Sometimes it feels like we are swimming in a giant sea of products, people and teams. Other times we forget that there are oceans of activity going on all around us.
Developing software in a large company comes with a unique set of challenges. For a small engineering team, having an org-scale impact can be intimidating. If you are leading a small team in a large organization, it helps to have some heuristics to guide you.
In my own experience with navigating the seas of large-company life, here are some of the things that have helped put wind in the sails of my teams:
- They Value Relationships
Relationships are the most durable thing in our industry, which is otherwise characterized by a fast pace of change. They survive re-orgs, resignations, product pivots, budget cuts, rapid growth, acquisitions, layoffs, downturns, you name it. But they need to be formed early and nurtured — they are built over time, not the week before you need something.
No team is an island. To be successful, you need to work with a network of teams that delivers value together. It helps to take the time to think through your partners, dependencies, and the value stream of your product: you will discover the key people you need to work with now and in the future. These are the people to invest in building relationships with.
Development gets most deeply and intractably stuck when something is needed from somewhere else, but there is no relationship in place (or maybe a bad one). Many of the most significant slips and falls I have seen result from teams that go deep into the darkness of development, meanwhile forming unreasonable expectations of entities on the outside. Then they are surprised when no one is aligned with their needs when the time comes for help. Don’t be that team — make friends in far-off places and be sure you are prepared when you need help.
2. They Ruthlessly Prioritize
Identifying high-value work and staving off distractions is a cornerstone of good product development. This requires us to be realistic when making trade-off decisions. Fear should not be part of the decision-making (“If we don’t do this now, we might never do it!”). Hope should not be part of the decision-making (“This better work out!”). Small teams need to make smart decisions about where to focus, and then maintain that focus despite all the things that can throw them off the path. Measure twice, then cut, cut, and keep on cutting — use continuous prioritization throughout the development lifecycle to keep the team on track.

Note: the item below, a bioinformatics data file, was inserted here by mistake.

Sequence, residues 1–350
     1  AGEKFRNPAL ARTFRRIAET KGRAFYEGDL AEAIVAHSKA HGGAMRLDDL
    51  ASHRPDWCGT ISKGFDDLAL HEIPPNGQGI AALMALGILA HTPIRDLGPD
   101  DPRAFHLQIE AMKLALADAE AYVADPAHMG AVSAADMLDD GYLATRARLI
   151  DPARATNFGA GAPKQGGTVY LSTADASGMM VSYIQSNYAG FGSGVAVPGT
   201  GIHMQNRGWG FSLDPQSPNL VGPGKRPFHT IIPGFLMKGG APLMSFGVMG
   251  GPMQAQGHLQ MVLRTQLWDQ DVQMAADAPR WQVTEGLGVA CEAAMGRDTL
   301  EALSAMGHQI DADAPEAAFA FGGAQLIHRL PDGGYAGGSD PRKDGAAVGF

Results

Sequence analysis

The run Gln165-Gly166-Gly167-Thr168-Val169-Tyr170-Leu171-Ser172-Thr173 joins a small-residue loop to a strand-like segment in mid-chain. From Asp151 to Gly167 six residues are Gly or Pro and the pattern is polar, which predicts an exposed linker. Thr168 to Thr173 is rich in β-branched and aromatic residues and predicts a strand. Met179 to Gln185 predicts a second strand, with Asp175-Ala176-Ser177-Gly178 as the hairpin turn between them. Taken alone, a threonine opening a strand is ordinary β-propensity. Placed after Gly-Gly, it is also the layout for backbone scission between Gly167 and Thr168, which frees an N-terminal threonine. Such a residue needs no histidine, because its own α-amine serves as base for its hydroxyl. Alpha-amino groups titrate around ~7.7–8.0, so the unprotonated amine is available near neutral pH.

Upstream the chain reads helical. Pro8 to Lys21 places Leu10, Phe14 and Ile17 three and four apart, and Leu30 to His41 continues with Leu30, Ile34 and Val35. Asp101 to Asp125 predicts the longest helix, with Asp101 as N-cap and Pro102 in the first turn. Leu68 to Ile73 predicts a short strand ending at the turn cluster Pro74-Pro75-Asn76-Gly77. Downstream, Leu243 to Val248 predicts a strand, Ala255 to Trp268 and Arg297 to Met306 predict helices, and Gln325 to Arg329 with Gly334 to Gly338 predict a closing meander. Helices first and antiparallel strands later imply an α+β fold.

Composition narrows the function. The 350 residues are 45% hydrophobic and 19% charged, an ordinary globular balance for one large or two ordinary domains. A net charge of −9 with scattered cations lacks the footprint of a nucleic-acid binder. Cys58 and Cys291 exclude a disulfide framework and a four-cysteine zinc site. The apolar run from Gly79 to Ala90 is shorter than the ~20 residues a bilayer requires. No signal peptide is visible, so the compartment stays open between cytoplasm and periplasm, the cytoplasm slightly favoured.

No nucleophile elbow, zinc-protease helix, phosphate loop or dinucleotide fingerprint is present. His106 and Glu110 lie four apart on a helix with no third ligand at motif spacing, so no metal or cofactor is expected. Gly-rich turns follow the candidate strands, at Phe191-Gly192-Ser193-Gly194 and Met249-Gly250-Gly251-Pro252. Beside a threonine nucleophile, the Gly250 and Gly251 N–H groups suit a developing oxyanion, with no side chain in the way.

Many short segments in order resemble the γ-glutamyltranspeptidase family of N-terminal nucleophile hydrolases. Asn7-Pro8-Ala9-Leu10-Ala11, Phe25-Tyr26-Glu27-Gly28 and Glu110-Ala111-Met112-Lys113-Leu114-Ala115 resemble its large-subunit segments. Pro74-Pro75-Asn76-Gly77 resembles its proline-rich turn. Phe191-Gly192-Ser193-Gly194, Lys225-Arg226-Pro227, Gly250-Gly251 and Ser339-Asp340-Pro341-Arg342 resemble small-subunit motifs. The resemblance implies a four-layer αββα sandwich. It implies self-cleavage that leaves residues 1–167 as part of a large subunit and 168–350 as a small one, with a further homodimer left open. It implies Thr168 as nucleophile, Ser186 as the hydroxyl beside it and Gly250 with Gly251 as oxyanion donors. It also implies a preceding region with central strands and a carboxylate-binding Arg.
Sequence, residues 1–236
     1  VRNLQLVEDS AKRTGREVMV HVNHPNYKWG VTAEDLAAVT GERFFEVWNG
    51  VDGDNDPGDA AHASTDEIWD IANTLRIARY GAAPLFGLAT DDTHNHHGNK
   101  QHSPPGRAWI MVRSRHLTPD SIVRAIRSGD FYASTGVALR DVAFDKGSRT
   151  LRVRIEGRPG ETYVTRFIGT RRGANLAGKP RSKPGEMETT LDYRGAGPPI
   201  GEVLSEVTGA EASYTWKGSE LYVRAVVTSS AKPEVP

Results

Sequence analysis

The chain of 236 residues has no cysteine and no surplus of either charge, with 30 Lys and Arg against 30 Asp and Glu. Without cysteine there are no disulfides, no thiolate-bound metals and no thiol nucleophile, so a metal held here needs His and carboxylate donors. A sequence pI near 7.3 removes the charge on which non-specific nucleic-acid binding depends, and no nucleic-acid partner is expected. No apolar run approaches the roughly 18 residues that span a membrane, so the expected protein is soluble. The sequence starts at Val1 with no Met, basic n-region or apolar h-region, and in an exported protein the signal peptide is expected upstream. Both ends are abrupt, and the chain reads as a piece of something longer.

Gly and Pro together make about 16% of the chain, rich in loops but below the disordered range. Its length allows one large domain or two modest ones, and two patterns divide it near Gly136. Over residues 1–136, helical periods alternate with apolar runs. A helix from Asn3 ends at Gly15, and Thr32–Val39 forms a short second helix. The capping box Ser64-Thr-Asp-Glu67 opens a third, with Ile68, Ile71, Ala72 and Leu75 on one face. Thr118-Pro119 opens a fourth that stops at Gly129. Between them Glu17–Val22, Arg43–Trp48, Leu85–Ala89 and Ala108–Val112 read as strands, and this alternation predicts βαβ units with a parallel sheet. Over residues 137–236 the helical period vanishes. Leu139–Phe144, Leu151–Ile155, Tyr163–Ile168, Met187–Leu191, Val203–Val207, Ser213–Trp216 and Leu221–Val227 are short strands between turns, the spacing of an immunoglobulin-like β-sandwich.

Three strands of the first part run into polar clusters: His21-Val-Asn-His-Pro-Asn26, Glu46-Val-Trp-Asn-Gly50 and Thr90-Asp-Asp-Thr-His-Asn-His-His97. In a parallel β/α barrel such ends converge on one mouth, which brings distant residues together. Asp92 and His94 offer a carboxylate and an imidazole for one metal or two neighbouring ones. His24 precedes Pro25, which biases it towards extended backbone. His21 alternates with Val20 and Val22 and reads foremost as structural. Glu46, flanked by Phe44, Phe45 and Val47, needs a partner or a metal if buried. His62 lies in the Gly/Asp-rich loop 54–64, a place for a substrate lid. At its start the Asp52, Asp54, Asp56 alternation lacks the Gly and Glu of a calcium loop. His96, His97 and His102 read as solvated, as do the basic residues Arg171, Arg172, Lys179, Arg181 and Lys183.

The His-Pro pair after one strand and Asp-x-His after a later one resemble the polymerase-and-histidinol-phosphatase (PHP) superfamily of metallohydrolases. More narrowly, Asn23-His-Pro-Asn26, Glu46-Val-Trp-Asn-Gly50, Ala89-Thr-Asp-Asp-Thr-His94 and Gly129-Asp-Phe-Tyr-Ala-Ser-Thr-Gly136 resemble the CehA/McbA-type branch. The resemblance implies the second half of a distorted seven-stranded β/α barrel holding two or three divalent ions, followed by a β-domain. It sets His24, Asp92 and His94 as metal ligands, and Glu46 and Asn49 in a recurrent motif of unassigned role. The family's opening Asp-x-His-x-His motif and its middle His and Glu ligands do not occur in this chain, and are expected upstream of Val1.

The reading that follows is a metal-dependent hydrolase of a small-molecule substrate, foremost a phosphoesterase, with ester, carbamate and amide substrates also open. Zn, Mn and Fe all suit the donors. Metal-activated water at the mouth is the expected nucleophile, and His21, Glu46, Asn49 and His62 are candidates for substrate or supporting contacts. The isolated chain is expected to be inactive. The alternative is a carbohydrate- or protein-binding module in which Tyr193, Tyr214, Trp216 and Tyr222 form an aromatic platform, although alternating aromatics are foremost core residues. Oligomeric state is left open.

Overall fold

For an engineering (i.e. not product) -focused discussion of what this means, John Ousterhaut has a great chapter (page 17) called “Decide What Matters” in the new version of his book, A Philosophy of Software Design.
3. They work as an Integrated Team
Big impacts need big ideas, and the best thinking comes from diverse teams. This means integrating a diverse set of roles into the development process and team rituals right from the early stage. This is whole-team, “customer in the room”-style thinking. People in roles like product management, design, SRE, customer support can regularly join your stand-up, your milestone demos, and/or your amigos meetings.
Any time you can embed someone from that “other” team into your daily development cycle, it makes collaboration strong and the inevitable product phase transitions much easier. Armed with fast feedback and diverse thinking, you can make sure that what you are building will actually make a difference.
4. They Build Quality In
This phrase, which dates back 50 years to the days of Lean in manufacturing, will never be a cliché. When we continuously deliver elements of a quality strategy throughout the delivery process, we ensure that our system will hold up across the various stages of the development lifecycle. For example, in the early stages, we need design partners to come on board and get a reasonable experience. We want valuable feedback, not “you lost my data again” or “your system is down again.” Overall, as with point 3, this will make your product phase transitions easier and builds a lot of confidence with the people that are funding your product.
5. They Put People First
Putting people first means creating an environment with trust, transparency and alignment. It means creating circumstances where people can bring their best selves to work every day, operating with psychological safety. It does not, however, mean coddling or treating each other like spoiled children. We work as a team, not as a family (Reed Hastings). In reality, we put people first when we hold each other accountable — that is part of our responsibility to each other and our path to success as a team. Align on a shared set of values, help people put those values first, and create a culture where we feel good about holding each other accountable to them.
6. They Show Their Value
To have an impact, you need to know what value you are creating and be able to show that value to others, so they know how to leverage what you are building. Small teams need to find big ways to show what they are doing and get people excited about it. This means having a clear, always up-to-date articulation of your system and it’s part in the greater whole.
You are building something that needs to integrate into other systems as part of a larger product story. Get to know those systems and that story really well, because what you are a part of is more important than what you part are building.
Take the time to understand your adjacencies and how they work — go read their docs, deep dive into their architecture, walk through their code. Generate your own mental model for how everything fits together, don’t rely on someone else to do that for you. Create your vision, articulate it in docs or slides, and take every opportunity to get feedback on your thinking. You can use that as a great way to build relationships (back to point #1). You may not sell anyone on it, but you might get a seat at the table.